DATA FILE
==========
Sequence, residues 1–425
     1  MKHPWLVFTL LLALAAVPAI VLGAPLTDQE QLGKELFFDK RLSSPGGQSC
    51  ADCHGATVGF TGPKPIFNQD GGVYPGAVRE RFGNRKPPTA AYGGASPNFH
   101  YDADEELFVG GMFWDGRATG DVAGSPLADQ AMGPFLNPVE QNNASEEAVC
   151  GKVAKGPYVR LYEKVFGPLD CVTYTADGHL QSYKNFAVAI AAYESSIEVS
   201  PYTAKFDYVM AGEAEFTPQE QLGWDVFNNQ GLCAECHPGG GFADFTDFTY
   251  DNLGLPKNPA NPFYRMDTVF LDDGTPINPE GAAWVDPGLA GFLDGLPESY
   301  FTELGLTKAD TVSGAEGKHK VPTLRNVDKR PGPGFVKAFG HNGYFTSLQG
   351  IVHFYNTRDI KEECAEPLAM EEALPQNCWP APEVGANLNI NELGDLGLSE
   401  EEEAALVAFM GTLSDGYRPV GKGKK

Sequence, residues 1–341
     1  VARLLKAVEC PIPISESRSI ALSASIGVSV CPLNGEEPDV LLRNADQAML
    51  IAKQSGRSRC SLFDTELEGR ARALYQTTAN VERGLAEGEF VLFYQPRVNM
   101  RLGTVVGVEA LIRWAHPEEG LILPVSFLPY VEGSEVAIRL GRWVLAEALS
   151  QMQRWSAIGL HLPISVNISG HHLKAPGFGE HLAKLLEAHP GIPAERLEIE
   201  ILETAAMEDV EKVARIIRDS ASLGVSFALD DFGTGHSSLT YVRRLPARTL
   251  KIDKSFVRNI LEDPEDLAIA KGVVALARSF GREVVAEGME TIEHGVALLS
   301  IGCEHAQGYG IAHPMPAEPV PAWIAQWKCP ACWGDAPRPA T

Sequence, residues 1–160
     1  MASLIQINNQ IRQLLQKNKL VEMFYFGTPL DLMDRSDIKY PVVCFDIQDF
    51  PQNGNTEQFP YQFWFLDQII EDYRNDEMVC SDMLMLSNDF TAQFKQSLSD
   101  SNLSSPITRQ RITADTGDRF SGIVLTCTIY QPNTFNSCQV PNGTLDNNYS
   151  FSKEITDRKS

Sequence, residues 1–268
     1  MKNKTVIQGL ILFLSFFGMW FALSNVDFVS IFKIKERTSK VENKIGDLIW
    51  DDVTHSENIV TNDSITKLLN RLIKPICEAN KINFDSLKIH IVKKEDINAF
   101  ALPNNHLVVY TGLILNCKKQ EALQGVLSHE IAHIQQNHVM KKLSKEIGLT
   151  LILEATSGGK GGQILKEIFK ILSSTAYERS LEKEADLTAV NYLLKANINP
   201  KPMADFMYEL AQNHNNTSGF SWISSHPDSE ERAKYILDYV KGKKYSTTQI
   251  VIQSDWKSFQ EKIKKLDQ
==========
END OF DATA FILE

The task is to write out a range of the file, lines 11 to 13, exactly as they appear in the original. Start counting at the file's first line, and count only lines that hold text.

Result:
Sequence, residues 1–341
     1  VARLLKAVEC PIPISESRSI ALSASIGVSV CPLNGEEPDV LLRNADQAML
    51  IAKQSGRSRC SLFDTELEGR ARALYQTTAN VERGLAEGEF VLFYQPRVNM